Light em Up: Jurgen Moltmann Responds to Mark Driscoll

Well, it seems that Mark Driscoll, pastor of Mars Hill Church in Seattle, WA, is back in the “spotlight” for making ridiculous theological statements. This time, it happened at a Christian conference called Catalyst. According to the Friendly Atheist blog, Driscoll said something like this:

I know who made the environment and he’s coming back and going to burn it all up. So yes, I drive an SUV.

Of course, we don’t have the full context of the quote, so who knows why he would say such a thing. Maybe he’s been listening to Fall Out Boy’s new single “My Songs Know What You Did in the Dark” a little too much lately?



Ignoring the actual content of this statement, Driscoll’s statement reminds me of how important one’s eschatology is to their day to day life. Your vision of the “end” carries significant practical import. What is the world coming to? Or, what is coming to the world? (Rather, who?)

Anyways, I’ve been doing some research on pneumatology – the theology of the Holy Spirit – for a final paper and came across something that expresses my response to Driscoll’s ideas reflected in the quote above. In his book on pneumatology The Spirit of Life, Jurgen Moltmann says this:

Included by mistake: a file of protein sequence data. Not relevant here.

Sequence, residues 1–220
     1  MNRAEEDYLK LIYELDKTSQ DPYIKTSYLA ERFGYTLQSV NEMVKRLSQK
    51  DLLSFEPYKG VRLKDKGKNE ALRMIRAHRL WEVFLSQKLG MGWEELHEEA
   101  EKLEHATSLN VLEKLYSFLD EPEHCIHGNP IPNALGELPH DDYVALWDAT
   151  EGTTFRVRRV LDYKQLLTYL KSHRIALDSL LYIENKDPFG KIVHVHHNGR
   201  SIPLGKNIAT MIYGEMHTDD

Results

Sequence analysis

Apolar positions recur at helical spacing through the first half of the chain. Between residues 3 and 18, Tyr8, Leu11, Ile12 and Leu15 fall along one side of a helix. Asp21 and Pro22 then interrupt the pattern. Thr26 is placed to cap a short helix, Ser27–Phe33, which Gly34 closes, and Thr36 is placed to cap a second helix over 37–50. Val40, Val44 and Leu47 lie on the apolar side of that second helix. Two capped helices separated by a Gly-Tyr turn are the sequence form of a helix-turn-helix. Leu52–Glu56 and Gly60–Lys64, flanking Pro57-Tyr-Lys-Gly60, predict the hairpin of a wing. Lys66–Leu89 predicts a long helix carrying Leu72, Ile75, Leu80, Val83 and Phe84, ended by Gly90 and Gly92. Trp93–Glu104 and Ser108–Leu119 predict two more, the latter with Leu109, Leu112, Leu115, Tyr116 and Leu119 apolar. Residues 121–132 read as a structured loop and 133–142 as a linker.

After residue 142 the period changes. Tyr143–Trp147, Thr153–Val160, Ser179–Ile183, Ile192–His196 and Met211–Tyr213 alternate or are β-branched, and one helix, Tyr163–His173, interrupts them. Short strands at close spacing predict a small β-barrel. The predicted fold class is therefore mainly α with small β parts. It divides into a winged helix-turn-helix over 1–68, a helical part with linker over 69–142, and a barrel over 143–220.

To experience the fellowship of the Spirit inevitably carries Christianity beyond itself into the greater fellowship of all God’s creatures. For the community of creation, in which all created things exist with one another, for one another and in one another, is also the fellowship of the Holy Spirit. Both experiences of the Spirit bring the church today into solidarity with the cosmos, which is so mortally threatened. Faced with ‘the end of nature’, the churches will either discover the cosmic significance of Christ and the Spirit, or they will share the guilt for the annihilation of God’s earthly creation. In earlier times, contempt for life, hostility towards the body, and detachment from the world was merely an inward attitude of mind. Now it has become an everyday reality in the cynicism of the progressive destruction of nature. Discovery of the cosmic breadth of God’s Spirit leads in the opposite direction – to respect for the dignity of all created things, in which God is present through his Spirit.

Could it be that Driscoll is so enamored by “Jesus” that he has forgotten about the Spirit? Methinks so. Here’s to praying for Driscoll’s baptism in the Spirit in the near future!

And, just in case the Moltmann quote wasn’t clear enough, here’s a nice summary from Bill McKibben of (albeit from a Christological/soteriological perspective):



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